Monday, April 25, 2016

Life and death juxtaposed
Fishing smaller streams is about simplicity, just the essentials, being alert, observant, being alive and present in the moment.  It is good medicine for the soul when life gets complicated.

Walking along the unfamiliar landscape, I felt at times like I was in a valley in the Shenandoah mountains surrounded with mountain laurel and plunge pools.  The water was clear and cold yet full of life and the brook trout slammed the bomber time and time again.  After the quiet gray of winter, the forest is now coming to life as tiny lilies, wood anemone, and wake robin rise up through the decaying leaves  of last fall.



Wood anemone opening to the late morning sun

Wake robin or purple trilium
Later in the afternoon another stream was visited where wild brown and brook trout coexist.  Days like this one are not common, so we savor them with our senses and tuck them away in our memories as days of simplicity, peace, of silence, of life.




12 

Let the heavens rejoice, and let the earth be glad:
Let the sea roar, and all it's fullness;
Let the field be joyful, and all that is in it.
Then all the trees of the woods will rejoice before the Lord    Psalm 96:10-11

18 comments:

  1. I can't wait to go up into the higher elevations for brookies this summer. It's been so long since I have caught and released one. Beautiful photos as usual, Alan.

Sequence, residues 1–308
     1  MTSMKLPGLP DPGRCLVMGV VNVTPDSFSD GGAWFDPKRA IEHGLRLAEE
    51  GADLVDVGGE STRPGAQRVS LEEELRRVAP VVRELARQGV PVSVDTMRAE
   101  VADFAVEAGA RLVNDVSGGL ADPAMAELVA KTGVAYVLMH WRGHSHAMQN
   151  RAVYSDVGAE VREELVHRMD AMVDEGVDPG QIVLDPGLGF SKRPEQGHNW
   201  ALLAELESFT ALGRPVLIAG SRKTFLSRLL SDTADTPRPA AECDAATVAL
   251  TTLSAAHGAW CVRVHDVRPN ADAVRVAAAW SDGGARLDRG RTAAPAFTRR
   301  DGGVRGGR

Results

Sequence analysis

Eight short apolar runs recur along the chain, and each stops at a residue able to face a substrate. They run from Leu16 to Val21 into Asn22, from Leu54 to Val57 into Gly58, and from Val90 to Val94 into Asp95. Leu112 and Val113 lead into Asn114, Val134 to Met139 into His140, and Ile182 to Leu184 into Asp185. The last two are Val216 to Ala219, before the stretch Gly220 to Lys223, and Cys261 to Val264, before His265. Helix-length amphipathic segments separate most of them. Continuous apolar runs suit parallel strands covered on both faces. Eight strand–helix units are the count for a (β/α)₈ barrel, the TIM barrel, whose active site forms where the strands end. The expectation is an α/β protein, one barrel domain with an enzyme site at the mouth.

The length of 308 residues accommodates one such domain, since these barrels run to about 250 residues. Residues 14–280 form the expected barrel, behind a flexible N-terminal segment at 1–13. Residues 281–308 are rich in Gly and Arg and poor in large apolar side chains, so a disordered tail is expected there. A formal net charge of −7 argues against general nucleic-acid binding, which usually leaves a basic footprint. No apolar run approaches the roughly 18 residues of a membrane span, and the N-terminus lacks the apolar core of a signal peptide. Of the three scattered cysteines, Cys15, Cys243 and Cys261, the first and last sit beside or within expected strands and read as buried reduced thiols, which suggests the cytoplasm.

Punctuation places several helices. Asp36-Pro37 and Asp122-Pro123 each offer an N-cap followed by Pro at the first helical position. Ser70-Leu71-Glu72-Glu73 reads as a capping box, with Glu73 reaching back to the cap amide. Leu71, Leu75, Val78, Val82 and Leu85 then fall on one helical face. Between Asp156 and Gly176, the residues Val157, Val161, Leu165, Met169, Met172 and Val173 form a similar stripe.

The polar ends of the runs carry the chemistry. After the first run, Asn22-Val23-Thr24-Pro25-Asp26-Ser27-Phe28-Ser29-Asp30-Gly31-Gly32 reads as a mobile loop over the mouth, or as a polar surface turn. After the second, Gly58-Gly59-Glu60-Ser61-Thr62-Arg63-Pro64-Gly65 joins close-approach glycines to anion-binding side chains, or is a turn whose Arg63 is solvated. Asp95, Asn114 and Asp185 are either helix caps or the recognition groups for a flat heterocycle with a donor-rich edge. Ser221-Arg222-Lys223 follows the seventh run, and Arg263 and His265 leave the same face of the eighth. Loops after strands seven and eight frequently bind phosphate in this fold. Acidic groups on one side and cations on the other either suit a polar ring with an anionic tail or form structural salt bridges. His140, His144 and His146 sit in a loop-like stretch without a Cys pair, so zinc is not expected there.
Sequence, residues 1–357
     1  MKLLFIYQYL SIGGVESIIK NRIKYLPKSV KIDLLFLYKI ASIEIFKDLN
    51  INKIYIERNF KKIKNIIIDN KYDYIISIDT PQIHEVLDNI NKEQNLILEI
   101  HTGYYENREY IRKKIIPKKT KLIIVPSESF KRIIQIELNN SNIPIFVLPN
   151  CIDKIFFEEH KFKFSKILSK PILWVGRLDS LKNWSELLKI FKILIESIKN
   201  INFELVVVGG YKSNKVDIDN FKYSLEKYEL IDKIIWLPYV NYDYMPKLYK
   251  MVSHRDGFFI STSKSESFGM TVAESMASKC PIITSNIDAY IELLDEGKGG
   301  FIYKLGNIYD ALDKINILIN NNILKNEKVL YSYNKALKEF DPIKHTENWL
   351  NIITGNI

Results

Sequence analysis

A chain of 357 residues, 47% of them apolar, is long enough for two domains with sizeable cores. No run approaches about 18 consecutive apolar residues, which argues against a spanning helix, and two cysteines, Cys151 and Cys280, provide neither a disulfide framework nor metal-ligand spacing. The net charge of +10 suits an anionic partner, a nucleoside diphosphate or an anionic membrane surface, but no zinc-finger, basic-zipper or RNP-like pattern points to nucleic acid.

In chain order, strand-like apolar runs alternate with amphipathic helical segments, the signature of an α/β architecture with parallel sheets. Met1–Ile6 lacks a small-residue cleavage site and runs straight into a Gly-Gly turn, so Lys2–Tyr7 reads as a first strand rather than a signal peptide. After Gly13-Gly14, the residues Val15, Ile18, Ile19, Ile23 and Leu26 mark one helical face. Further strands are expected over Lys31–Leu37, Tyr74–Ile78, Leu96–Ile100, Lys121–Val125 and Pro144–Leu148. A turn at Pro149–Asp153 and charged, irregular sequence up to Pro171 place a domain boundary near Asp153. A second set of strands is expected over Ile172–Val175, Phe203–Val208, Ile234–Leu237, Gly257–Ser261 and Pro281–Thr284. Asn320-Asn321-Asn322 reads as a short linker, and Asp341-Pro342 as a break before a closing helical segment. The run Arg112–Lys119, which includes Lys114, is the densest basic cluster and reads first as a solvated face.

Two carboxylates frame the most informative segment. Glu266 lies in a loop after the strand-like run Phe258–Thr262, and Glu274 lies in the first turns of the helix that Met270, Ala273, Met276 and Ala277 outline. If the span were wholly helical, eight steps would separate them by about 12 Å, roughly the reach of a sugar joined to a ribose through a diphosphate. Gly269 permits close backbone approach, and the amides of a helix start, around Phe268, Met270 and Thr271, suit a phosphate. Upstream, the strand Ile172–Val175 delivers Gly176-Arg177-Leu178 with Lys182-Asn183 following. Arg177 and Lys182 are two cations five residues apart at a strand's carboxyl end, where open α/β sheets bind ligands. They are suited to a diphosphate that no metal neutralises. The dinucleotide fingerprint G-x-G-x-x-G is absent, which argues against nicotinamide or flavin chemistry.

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    1. River Damsel - They are stunning beautiful creatures and yet blend in so well with their surroundings

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  2. Beautiful. I know those fish. I will be visiting them soon, too.

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    1. Thanks Mike - it's the time of year to enjoy fishing small streams

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  3. Looks like it was one of those "perfect" kind of days.

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    1. Kiwi - It was a fantastic day and very much needed

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  4. Beauties for sure the trout and the flora!

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    1. Pete - It is a beautiful time of year in the forest and stream

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  5. Beautiful pictures, Mark. I love having success on unknown waters. Bonus!

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  6. Mark
    Oh, what I would give to have those steams here to fish, but the climate won't allow it; post like this can get me really close to the area. thanks for sharing

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    1. Bill - we are very fortunate to have this type of water so close. Your comments remind us to be thankful for all the opportunities we enjoy here in the Northeast

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  7. Beautiful post, Mark. It has a sort of poetic nature to it which I love. Cool looking stream!

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    1. RI brook trout - thanks for noticing! I was shooting for something more than a strictly factual post.

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  8. Excellence as usual Mark. Those fish are beautiful. I had the pleasure of catching some brookies from Rocky Mt. Nat Park last year. That was a first for me in many years. Thanks for sharing those.

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    1. Thanks Howard, spring days and all is alive again!

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  9. Mark great post.
    Life is good.

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